Pixel Qi is trying to meet the growing demand for its innovative 3Qi displays, and has resumed shipment after a rash of orders for the low-power screens, the company said on Wednesday.
The 10.1-inch displays, targeted at netbook-type devices, tablets and e-readers, became available on July 1 through online retailer Maker Shed’s website. The initial stock sold out in under a day, after which Maker Shed made the US$275 display available for pre-order.
The 3Qi display is still available for pre-order from Maker Shed, but Pixel Qi said shipments are on their way to the retailer.
“Sales have been much higher than expected — but we have the screens and are delighted about the enthusiastic reception from individuals running small projects. We are pleased to be able to support their efforts,” said Mary Lou Jepsen, CEO of Pixel Qi, in an e-mail.
The highly anticipated 3Qi LCD (liquid crystal display) screens can absorb ambient light to brighten screens and reduce power consumption to extend laptop battery life. The displays reduce the need for the backlight, which are used to light up conventional laptop screens.
The display is designed to view content directly under sunlight to read e-books, or under normal lighting conditions to view multimedia content like video, depending on the surroundings. Pixel Qi has also previously said the screens may not be effective in viewing high-definition multimedia content in dark rooms, for example.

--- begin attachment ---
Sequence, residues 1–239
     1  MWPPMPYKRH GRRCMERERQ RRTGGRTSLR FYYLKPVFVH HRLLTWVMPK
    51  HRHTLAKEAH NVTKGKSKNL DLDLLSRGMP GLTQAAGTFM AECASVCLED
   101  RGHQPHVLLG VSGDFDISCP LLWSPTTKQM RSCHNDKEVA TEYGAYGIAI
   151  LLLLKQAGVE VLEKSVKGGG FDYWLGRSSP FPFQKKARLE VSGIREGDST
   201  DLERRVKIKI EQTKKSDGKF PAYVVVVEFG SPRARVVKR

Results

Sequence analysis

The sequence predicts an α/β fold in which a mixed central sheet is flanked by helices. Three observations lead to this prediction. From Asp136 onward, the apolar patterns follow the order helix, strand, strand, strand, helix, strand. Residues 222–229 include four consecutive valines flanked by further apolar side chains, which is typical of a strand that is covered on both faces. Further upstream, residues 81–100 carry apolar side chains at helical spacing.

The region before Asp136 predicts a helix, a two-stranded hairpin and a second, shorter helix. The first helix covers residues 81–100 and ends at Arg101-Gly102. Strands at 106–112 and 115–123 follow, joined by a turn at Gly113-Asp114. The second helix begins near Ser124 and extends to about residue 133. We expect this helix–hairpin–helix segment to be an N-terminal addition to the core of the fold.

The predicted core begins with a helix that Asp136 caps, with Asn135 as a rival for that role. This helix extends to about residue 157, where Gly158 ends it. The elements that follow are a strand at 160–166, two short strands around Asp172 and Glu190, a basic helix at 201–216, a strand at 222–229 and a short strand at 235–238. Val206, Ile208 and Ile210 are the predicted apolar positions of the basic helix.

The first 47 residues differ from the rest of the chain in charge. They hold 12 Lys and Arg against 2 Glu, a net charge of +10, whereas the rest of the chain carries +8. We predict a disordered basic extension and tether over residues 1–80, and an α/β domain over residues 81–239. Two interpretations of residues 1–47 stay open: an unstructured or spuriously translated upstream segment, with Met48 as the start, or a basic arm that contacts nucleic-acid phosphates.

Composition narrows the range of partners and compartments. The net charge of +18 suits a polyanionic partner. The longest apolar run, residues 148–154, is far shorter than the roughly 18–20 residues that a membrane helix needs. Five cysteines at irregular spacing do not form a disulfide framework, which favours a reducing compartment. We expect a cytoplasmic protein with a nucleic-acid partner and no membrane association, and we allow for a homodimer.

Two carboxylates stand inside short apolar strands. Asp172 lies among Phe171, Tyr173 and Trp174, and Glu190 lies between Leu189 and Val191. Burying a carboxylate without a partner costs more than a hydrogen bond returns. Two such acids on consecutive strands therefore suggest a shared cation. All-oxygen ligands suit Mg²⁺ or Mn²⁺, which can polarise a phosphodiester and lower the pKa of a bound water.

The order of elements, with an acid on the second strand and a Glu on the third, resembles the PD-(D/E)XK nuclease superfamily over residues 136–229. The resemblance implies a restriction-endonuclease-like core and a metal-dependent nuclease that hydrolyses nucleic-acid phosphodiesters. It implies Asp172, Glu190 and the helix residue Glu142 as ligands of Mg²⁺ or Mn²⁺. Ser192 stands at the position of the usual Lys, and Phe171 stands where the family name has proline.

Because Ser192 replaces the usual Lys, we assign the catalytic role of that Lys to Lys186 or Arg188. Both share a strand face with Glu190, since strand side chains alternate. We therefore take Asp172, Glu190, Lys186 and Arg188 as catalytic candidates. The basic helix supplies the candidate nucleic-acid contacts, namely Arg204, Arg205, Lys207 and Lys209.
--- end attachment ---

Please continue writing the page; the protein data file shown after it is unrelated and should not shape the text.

The screens are targeted at the do-it-yourself community and enthusiasts who experiment with PCs and electronics. The screen isn’t available directly on netbooks or laptops yet, so enthusiasts have to swap out existing screens to install the 3Qi displays.
One tester successfully installed a 3Qi screen on an Acer Aspire One D250 netbook. Pixel Qi has said the screens have been tested to work with Samsung’s N130 and Lenovo’s S10-2 netbooks. Tablet maker Notion Ink has also shown its upcoming Adam tablet with a 3Qi display.
Beyond enthusiasts, Pixel Qi is also focused on working with “bigger customers,” Jepsen said. She didn’t name specific customers, but the company has previously said that the displays would be shipped with netbooks and laptops.
Pixel Qi in March signed a deal with One Laptop Per Child to develop screens for future XO devices. It is likely that a variant of the 3Qi screen will appear on OLPC’s XO-3 tablet, which will also function as an e-book reader. Jepsen was formerly the chief technology officer at OLPC, but left the nonprofit to start Pixel Qi in order to develop low-power screen technology.